The Projection Studio, Ross Ashton's London, UK, based large format projection practice has designed and produced an eye-catching array of massive images appearing on the walls of Edinburgh Castle, forming an integral element of the visuals for the 2010 Edinburgh Royal Military Tattoo.
Rated as one of the "Greatest shows on Earth" this year sees the Diamond (60 years) anniversary of the spectacle, featuring over 1000 performers from this year's lead service, the Army, combined with a host of international talents, all choreographed in a lively and energetic mix of music, song, dance and drama, produced by Major General Euan Loudon.
Ross Ashton has been involved with the Tattoo for the last 5 years as the projection artist. This year he has just signed up a new 3-year contract to produce the projections on the fabulous backdrop of the Castle, juxtaposed against all the action taking place on the Esplanade below.
"It's always a great privilege to be asked to work on such a unique and high profile a show like this," says Ashton, "Even more so as the true potential of projection has proved itself and has a real commitment from the organisers".
The projection area is 90 metres wide and stretches the full width of the castle walls. Four PIGI 6K projectors fitted with double rotating scrollers make the images, 3 covering the Castle wall area, and the fourth focussed on providing ‘drop-ins' in the area around the Castle gates, through which performers make their entrances.
Ashton worked closely with Loudon on developing artwork for the show, but was also given an open brief to suggest ideas and make visual contributions where they would have the most impact. "There was a lot of projection in last year's show, and so I wanted to create something that would look and feel totally different and, naturally, be very relevant" states Ashton.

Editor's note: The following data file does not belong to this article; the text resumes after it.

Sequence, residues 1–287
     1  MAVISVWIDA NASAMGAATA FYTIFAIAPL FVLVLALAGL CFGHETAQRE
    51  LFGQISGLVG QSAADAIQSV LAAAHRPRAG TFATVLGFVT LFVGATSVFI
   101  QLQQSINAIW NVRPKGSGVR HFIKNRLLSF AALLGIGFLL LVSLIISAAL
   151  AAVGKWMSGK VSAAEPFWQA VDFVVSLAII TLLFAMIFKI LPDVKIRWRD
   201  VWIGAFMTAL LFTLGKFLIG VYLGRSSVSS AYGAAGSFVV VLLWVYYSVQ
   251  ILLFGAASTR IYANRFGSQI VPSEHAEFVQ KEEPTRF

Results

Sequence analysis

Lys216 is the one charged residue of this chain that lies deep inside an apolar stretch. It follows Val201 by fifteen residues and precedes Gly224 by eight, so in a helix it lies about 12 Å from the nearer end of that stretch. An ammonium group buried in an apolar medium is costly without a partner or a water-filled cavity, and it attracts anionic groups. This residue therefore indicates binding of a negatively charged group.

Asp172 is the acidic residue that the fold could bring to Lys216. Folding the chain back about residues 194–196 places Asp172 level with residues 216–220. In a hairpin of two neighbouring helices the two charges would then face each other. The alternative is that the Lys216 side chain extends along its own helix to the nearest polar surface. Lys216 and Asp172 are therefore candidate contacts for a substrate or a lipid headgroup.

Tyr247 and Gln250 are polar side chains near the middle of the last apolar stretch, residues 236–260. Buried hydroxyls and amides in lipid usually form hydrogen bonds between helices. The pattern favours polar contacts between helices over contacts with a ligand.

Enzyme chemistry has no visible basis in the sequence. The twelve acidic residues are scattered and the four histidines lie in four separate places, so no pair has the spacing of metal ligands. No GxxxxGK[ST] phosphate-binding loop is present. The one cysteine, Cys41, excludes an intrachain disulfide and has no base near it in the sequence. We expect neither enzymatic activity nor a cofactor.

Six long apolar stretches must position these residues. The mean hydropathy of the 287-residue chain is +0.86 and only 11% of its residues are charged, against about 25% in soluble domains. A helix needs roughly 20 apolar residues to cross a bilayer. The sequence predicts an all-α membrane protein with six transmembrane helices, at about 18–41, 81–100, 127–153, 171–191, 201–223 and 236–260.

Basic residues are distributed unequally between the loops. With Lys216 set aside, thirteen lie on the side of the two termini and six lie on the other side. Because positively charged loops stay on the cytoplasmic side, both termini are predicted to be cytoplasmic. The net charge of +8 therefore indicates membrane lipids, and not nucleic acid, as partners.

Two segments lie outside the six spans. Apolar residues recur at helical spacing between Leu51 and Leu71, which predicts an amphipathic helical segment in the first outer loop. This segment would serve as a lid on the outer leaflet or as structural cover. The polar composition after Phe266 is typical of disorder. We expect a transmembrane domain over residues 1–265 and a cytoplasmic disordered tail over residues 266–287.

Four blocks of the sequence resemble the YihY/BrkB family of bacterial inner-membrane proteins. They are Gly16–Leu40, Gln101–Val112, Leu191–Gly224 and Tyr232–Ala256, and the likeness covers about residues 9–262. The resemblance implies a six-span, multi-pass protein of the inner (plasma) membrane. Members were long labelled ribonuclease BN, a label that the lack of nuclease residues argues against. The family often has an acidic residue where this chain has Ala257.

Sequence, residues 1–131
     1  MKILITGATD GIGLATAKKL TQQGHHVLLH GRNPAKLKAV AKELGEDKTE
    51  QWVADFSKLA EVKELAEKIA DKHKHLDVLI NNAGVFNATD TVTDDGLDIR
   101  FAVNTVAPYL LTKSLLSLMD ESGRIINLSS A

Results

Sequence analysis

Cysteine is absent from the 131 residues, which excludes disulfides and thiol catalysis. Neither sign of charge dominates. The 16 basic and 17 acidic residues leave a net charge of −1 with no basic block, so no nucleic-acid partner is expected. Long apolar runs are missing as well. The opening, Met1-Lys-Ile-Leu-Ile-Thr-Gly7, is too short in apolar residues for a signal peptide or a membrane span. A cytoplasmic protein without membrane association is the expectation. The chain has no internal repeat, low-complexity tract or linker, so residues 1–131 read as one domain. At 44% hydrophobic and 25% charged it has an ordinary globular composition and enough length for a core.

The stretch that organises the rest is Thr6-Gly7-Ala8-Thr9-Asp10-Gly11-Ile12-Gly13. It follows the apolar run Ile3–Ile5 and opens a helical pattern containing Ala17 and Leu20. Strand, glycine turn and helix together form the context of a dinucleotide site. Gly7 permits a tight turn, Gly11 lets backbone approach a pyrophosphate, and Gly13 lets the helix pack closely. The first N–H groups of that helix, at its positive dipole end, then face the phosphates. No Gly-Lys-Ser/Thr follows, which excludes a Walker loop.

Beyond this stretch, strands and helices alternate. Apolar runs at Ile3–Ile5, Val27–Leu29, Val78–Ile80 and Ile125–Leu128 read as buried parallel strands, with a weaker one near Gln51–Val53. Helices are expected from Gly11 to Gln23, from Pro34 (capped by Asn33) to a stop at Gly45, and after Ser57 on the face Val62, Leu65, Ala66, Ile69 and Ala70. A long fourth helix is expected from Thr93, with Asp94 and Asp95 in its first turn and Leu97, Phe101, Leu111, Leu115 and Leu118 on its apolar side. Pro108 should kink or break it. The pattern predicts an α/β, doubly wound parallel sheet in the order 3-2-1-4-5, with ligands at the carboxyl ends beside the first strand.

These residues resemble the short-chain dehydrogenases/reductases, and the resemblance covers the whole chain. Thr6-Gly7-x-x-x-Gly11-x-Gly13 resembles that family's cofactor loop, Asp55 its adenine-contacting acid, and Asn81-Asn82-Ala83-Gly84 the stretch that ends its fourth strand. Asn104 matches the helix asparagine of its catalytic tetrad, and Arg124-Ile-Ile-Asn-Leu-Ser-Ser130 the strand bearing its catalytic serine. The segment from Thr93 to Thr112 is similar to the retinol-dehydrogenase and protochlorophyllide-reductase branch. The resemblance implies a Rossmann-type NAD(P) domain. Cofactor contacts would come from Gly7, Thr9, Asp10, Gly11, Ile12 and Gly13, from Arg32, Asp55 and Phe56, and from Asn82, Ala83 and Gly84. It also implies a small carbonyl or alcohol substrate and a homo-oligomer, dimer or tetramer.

The biggest projection pieces this year are for two sections of the show by the Massed Bands - the military bands of the Grenadier and Coldstream Guards with the British Army's Guards bands joined by all the international bands, performing "You Raise Me Up" and "Here's To The Heroes". This celebrates the bravery of all those engaged in current conflicts - specifically Afghanistan and Iraq - and the love and support of their friends and families.
Ashton was sent a series of photographic images from the Army Media & Communications archives to utilise in these sequences, which he composed into a series of moving montages reinforcing the involvement of everyday individuals committed to helping keep the peace and rebuild war torn countries and communities.
For the New Zealand Army band's performance, he produced a stunning Maori mask, which was fitted exactly to the Castle architecture so the entranceway became the mouth. This is surrounded by silver ferns, the National flower of New Zealand, feathering out across the rest of the Castle.
For the Royal Jordanian Armed Forces Contingent, the image is a fantasy scape based on the historical archaeological ruins of Petra, which again is carefully sculpted to the shapes and contours of the Castle.
Visual simplicity is often the best imaginative policy in a show like this, and so the Evening Hymn is beautifully enhanced by graphic images of two soldiers flanking the gatehouse in the Reverse Arms position, backed by a setting sun seen through a stained glass window.
The projection was programmed and is being operated on an OnlyCue system by Karen Monid. She uses her skills and specialist knowledge of the hardware and control system to create incredibly intricate and flowing movements on the PIGI scrolls, incorporating all the wipes and dissolves in a highly rhythmic fashion that is unique to her style of operation.
The projection system was installed by Monid, Michael Barry and Andy Murrell.
The 2010 Edinburgh Tattoo runs until the end of August.
For more press info on The Projection Studio, please contact Louise Stickland on +44 (0)1865 202679/+44 (0)7831 329888 or Email [email protected] To contact The Projection Studio direct, please call +44 208 477 4490.